The risk factor doubling your chance of breast cancer

And it’s not something you can help...

By Katie Skelly
A new and rather frightening risk factor has just been determined as the greatest for breast cancer in women – even more so than family history, obesity and later-in-life childbirth.
From a landmark study, women with high breast density and more glandular tissue have been identified to possess almost twice the risk of developing contralateral breast cancer, the University of California finds.
The large-scale study, published in the journal JAMA Oncology, evaluated the breast cancer risk of more than 200,000 40-74-year-old women enrolled in the Breast Cancer Surveillance Consortium – a research initiative designed to assess the delivery and quality of breast cancer screening.
Of these, 18,000 were found to have varying stages of breast cancer, while around 184,000 were not.
Breast density was recorded for each of the women, who were then categorised into four groups:
A, breasts composed almost entirely of fat;
B, participants with scattered dense tissue but mostly fat;
C, those with moderately dense tissue, and
D, women with dense tissue that makes up around 75 per cent of the breast.

The results

While a family history of the disease was previously thought to be one of the biggest risk factors, the results actually showed density to be the greatest threat in both pre-menopausal and menopausal women.
“Family history is a strong risk factor but not as prevalent as dense tissue to family history,” co-author Dr. Karla Kerlikowskesays. “Breast density is both a prevalent and strong risk factor which is why it contributes to the development of highest proportion of breast cancers in pre- and post-menopausal women.”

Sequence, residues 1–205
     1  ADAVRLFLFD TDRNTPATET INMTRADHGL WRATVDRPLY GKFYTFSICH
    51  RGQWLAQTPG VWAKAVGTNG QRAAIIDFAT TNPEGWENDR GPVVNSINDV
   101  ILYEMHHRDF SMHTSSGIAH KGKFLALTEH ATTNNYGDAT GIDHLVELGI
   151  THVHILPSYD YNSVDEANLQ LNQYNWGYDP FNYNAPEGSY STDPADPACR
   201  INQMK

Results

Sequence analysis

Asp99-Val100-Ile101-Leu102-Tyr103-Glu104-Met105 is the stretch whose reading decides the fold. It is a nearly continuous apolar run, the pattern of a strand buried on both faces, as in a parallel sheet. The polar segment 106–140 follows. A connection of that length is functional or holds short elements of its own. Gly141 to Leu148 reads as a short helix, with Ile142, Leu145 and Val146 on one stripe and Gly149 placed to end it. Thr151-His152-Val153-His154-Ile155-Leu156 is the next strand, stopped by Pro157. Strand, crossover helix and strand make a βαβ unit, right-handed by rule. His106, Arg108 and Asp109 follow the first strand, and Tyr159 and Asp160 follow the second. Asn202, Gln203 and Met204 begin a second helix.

Both cancers and tissue appear white on mammograms, which makes a radiologist’s job all the more difficult when it comes to spotting malignancy between dense tissue and fat, which appears dark.
Like tissue, cancers appear white.

The solution

Unfortunately, there's not a whole lot we can do. While one drug, an estrogen hormone blocker called tamoxifen, is the only intervention currently known to substantially reduces breast density – it is not considered a solution due to serious side effects.
Gaining weight may be a way to add fatty tissue to breasts and thus lower density, although obesity is a risk factor linked with several cancers, and therefore not considered an effective resolution either.
What we can do, however, is be twice as diligent and visit healthcare practitioners for regular breast examinations, scans and ultrasounds.

What are the signs and symptoms of breast cancer?

Besides a breast lump, which 83 per cent of diagnosed women bring to their doctors, women should also seek professional advice for:
  • Nipple abnormalities including redness, crusting or clear/bloody discharge
  • Breast pain or discomfort
  • Breast skin abnormalities
  • Breast ulcerations
  • Swelling or lump in the armpit
  • Back or muscular pain
  • Breathlessness
  • Changes to the contour or shape of the breast
Early detection is vital and can save lives. If you’re experiencing any of the above symptoms, wish to find out more, or want to book in for a check-up, visit your local GP today.